Thank you, Michelle, for writing this guest post. I’m honored by your presence here and more than excited to read your memoir. (Bonus: You make me laugh.)

As a result of reading or writing, have you ever had questions bubble to the surface?


  1. Michelle this is beautiful and makes perfect sense to me...we have to ask, and that can be pretty scary sometimes, but it is how we grow, how our faith grows. I will enjoy exploring Wendy's site, thanks for the invitation! (Hi Wendy)

  2. And what a beautiful journey the Lord has brought you on, this traveling to Truth. It is so glorious that He is big enough to answer all our questions. He loves us too much to let us simply go through the motions of living. Life is fully lived thoroughly engaged in the questions. I love how you see that He has been pursuing your heart all along! :)

  3. What a beautiful post! Thank you for sharing. ;-)

  4. How I can relate to so many pieces of this.
    Beautiful telling.

  5. This was beautiful! And yes, I'm constantly swallowed up by questions that bubble to the surface in the course of reading, but even more when I write.

    Right now, the question that continues to surface in my current WIP is how individuals overcome their non-Christian ubpringing or circumstances and find their ultimate purpose under God's guidance. Why are some people so lucky as to be born into a life of grace and hope, and others not? And if they're not born into it, how do they find their way to grace?

  6. Thank you, Wendy, for graciously having me as a guest here today!

    Heather: REALLY good questions bubbling up in your WIP...but I don't know if they have any least answers we can find on this side of Heaven! Or maybe everyone gets grace...even if they don't find it in their earthly life?

    Have you read Rob Bell's new book? It's controversial...but he asks similar questions...and poses some interesting possibilities for answers.

  7. The ritual, the routine, the discipline, the "goodness"--all these things keep us from going deep. You're absolutely right. And yet, they are good things--things we try to teach our children. I keep tripping across the idea that even good things can become idols, preventing us from considering the deep questions that drive us to God himself. Great post. Thank you, Wendy, for hosting Michelle and thank you, Michelle, for introducing me to Wendy.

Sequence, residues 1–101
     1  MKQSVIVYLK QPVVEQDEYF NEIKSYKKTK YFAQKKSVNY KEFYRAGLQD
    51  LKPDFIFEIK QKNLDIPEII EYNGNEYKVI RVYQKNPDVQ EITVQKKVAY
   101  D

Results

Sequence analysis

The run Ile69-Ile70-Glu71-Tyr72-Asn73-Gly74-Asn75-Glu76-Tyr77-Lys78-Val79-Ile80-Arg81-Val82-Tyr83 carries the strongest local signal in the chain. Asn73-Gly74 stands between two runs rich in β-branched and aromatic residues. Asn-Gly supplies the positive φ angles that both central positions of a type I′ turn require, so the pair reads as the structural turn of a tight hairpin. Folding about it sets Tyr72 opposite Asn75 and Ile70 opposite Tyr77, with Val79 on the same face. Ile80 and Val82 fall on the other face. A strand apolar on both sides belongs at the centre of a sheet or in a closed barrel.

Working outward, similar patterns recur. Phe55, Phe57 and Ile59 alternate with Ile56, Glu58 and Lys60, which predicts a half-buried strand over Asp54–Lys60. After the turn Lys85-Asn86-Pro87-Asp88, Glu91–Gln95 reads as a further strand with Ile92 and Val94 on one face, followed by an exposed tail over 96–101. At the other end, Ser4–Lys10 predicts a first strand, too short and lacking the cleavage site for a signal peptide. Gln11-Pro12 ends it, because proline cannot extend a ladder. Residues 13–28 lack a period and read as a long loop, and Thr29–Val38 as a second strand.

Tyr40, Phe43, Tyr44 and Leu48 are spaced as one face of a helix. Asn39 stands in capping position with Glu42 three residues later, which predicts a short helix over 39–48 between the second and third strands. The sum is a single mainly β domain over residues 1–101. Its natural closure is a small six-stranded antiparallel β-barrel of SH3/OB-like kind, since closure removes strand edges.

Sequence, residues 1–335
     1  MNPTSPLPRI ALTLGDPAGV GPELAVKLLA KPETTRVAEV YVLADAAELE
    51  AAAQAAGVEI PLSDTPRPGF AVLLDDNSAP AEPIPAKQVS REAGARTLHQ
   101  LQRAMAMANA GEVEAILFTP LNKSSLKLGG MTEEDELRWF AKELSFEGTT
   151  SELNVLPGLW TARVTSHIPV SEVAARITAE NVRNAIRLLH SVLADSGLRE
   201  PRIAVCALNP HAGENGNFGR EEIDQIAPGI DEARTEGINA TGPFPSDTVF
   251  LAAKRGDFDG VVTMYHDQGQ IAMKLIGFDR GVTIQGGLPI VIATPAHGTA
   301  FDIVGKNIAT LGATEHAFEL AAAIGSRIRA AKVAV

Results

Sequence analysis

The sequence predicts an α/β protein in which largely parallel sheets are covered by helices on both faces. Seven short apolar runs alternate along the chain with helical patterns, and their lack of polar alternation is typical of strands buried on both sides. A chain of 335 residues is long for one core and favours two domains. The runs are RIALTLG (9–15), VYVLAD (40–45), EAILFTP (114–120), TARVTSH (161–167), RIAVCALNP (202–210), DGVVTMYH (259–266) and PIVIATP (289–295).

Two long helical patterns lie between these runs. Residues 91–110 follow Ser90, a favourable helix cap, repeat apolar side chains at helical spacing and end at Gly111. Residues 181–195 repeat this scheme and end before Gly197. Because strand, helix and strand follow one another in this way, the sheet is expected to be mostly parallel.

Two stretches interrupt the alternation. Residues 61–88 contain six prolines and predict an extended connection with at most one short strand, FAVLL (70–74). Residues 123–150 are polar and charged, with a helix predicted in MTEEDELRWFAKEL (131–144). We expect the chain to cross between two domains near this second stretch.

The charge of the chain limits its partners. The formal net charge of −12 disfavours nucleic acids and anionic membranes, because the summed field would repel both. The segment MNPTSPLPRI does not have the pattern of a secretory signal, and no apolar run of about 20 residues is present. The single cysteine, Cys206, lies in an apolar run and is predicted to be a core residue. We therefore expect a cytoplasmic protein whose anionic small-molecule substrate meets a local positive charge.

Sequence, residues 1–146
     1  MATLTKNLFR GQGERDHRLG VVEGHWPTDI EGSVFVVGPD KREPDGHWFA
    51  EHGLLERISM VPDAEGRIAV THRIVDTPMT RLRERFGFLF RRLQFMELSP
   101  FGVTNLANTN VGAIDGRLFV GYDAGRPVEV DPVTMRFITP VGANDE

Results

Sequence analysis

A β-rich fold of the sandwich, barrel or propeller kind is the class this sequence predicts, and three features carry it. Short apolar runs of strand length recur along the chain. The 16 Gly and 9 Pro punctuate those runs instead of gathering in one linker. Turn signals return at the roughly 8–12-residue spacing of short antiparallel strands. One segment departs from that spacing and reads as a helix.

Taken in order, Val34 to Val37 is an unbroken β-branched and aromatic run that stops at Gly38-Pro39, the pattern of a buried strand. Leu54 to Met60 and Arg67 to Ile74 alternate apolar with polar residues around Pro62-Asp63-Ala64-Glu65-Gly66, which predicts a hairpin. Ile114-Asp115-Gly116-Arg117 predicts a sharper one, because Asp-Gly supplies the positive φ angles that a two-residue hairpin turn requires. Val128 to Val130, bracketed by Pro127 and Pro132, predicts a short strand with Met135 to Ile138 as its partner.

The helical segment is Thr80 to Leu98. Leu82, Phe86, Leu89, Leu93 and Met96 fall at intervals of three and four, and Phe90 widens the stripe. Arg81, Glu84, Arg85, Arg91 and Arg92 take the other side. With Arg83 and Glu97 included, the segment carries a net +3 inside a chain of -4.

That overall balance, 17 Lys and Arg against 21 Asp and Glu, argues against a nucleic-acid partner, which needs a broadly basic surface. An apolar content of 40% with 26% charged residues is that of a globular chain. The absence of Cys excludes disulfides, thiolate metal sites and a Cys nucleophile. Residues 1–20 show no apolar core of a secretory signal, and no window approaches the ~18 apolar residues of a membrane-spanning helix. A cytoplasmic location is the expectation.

8. I think you do deep real good, my friend. :)

  9. "the motions of belief" -- ack.

    Don't I know that I have done it.

    I don't do deep thinking, but I love to stand here in the shallow end and watch you do it. :)

    Love me some Michelle. I do.


  10. What a great inspirational story.

  11. I love this story, Michelle. It amazes me how God brings us back to Him--often through questioning and doubt. And you're right, we have to ask the questions to get to the answers. All too often, I have felt the fear of asking questions. He always has the answers, though--always!

  12. I discover and over that I learn more from my writing than anybody else does, Wendy!

    Love the story, Michelle -- writing and faith make the circle complete, don't they? And He's in the middle of it all!

  13. Isn't God good? He used something you loved (writing) to draw you to Himself.

    My late husband always said, "People are looking for answers when they don't even know the questions." Your post reminded me of this saying.

  14. Michelle, this makes me so eager to hear the rest of your story. I love the title!

  15. Michelle, I think you are brilliant.